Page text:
In Anushasana Parva of Mahabharata, Parashara told Yudhisthira that he prayed to Shiva. His desire was to obtain a son with great ascetic merit, endued with superior energy, earn world-wide fame, and arrange the Vedas. Shiva appeared and granted him his wishes and in addition, he told him that his son Krishna will be one of the Saptarshis of Savarni manvantara, be immortal by being freed of diseases, and he will be friend of Indra.[11]

Parashara was known as the "limping sage". He had his leg wounded during an attack on his āśrama. When a ṛṣi dies he merges back into an element or an archetype. When Sage Parashara was walking through a dense forest he and his students were attacked by wolves. He was unable to get away in his old age with a lame leg and he left this world merging into the wolves.[12]

The Monument of Parashara Muni is available at Junha - Panhala fort in Tal Kavathe Mahankal Sangli district of Maharashtra. A cave supposed to be of Parāśāra Muni is present at the fort.

Parashar Lake is a freshwater lake located at an elevation of 2,730 metres (8,960 ft) in the Mandi district of Himachal Pradesh. On the bank of this lake there is a three storied Pagoda temple dedicated to the sage Parashara. It is believed that sage Parashara meditated here.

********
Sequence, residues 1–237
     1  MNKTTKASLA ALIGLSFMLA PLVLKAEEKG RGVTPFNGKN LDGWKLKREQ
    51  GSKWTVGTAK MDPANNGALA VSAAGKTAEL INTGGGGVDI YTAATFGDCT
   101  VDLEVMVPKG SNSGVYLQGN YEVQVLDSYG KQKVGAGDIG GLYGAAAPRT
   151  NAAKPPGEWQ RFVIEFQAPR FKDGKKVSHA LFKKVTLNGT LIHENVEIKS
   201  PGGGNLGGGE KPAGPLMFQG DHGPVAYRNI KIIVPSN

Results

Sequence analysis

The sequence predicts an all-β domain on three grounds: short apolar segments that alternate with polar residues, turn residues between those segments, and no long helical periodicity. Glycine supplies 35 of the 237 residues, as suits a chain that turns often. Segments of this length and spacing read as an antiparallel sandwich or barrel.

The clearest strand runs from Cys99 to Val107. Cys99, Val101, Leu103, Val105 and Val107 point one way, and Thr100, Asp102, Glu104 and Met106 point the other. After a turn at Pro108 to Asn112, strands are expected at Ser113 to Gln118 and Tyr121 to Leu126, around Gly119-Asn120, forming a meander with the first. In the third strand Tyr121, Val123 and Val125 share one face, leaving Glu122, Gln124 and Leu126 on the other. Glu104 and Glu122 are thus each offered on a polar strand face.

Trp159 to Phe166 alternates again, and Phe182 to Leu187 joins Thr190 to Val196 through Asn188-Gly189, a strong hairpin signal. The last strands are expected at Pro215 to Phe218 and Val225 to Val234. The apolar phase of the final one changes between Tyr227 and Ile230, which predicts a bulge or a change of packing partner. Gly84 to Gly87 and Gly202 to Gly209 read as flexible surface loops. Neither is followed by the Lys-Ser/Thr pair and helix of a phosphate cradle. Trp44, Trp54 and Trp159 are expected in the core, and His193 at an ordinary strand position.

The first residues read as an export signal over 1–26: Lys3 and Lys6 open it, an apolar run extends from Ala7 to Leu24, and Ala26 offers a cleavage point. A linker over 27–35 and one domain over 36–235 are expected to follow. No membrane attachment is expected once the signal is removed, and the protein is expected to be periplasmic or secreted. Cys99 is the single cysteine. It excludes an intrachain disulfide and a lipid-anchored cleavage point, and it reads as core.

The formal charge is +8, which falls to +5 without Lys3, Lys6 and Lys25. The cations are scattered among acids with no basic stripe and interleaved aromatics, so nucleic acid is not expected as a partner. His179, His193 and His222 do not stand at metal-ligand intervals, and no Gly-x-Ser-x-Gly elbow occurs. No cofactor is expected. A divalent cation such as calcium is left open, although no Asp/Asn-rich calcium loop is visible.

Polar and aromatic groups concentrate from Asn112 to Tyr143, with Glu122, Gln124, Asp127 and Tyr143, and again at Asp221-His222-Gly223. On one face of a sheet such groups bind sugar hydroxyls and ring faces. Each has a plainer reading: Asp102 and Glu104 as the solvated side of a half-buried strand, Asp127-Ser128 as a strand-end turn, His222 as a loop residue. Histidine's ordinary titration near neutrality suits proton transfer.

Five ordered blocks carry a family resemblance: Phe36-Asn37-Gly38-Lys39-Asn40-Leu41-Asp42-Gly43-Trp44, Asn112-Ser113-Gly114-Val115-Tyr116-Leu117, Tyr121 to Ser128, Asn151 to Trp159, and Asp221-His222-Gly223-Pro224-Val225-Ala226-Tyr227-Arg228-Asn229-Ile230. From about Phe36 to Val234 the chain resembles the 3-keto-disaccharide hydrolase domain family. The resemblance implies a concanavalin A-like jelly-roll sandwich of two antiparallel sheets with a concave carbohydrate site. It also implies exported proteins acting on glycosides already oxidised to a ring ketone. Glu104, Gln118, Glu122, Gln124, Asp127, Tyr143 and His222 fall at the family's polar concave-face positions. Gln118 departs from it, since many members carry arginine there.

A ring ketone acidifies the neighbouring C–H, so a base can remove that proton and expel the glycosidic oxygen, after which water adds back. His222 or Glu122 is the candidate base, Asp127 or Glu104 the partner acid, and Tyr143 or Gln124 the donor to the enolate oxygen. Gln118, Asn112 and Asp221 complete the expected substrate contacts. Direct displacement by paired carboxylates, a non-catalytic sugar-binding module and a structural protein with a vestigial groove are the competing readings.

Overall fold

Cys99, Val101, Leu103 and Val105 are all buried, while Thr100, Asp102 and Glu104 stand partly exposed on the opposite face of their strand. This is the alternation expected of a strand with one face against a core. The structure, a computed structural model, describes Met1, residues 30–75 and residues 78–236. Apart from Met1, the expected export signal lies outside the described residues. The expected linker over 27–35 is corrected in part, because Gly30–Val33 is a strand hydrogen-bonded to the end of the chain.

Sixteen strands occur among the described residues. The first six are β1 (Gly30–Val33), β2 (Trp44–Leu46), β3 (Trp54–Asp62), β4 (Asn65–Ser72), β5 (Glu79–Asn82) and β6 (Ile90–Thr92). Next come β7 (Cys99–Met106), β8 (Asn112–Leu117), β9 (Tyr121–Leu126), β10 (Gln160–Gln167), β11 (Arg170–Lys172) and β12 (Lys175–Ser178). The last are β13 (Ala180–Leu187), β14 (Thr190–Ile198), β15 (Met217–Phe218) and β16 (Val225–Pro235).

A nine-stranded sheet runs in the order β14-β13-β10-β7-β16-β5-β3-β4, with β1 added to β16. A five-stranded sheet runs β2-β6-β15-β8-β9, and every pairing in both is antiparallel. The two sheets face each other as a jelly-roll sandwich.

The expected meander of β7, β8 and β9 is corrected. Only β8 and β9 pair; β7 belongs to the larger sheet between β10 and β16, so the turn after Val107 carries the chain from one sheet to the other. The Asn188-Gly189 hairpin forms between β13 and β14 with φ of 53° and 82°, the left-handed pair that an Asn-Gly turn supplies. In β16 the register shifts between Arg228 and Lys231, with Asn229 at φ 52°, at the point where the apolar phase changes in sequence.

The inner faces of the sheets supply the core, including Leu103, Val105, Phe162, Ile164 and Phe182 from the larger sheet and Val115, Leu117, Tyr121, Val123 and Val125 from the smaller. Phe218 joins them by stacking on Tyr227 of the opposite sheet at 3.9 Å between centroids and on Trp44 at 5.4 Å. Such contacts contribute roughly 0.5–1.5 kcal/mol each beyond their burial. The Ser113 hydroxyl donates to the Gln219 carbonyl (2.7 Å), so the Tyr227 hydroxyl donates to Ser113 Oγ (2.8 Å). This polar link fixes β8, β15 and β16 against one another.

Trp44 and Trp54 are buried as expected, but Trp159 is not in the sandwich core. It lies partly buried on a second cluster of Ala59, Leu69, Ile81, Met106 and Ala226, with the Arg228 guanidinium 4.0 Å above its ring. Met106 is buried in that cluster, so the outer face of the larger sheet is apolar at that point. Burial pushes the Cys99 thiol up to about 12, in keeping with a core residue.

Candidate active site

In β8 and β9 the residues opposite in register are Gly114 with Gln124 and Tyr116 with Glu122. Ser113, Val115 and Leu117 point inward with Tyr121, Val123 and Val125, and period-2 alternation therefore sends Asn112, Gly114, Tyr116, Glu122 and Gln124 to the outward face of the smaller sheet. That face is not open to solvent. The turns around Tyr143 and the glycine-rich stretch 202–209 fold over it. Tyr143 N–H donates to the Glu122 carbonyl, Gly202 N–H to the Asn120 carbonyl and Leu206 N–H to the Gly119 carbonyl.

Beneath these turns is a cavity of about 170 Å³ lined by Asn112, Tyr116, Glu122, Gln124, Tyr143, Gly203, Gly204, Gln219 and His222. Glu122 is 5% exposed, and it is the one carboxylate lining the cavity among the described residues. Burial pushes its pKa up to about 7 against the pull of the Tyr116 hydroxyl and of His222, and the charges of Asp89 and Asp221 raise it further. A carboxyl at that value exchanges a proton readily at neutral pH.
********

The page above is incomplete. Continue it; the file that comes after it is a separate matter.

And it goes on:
Rigveda

In the Rigveda, Parashara, son of Shakti (Parāśara Śāktya), is the seer of verses 1.65-73 which are all in praise of Agni (the sacred fire), and part of 9.97 (v.31-44) which is in praise of Soma. Below is 1.73.2

devo na yaḥ savitā satyamanmā kratvā nipāti vṛjanāni viṣvā
purupraṣasto amatirna satya ātmeva Sevo didhiṣāyyo bhūt

He who is like the divine Sun, who knows the truth (of all things), preserves by his actions (his votaries) in all encounters; like nature, he is unchangeable and, like soul, is the source of all happiness: he is ever to be cherished.[13]

Texts attributed to Parashara

Notes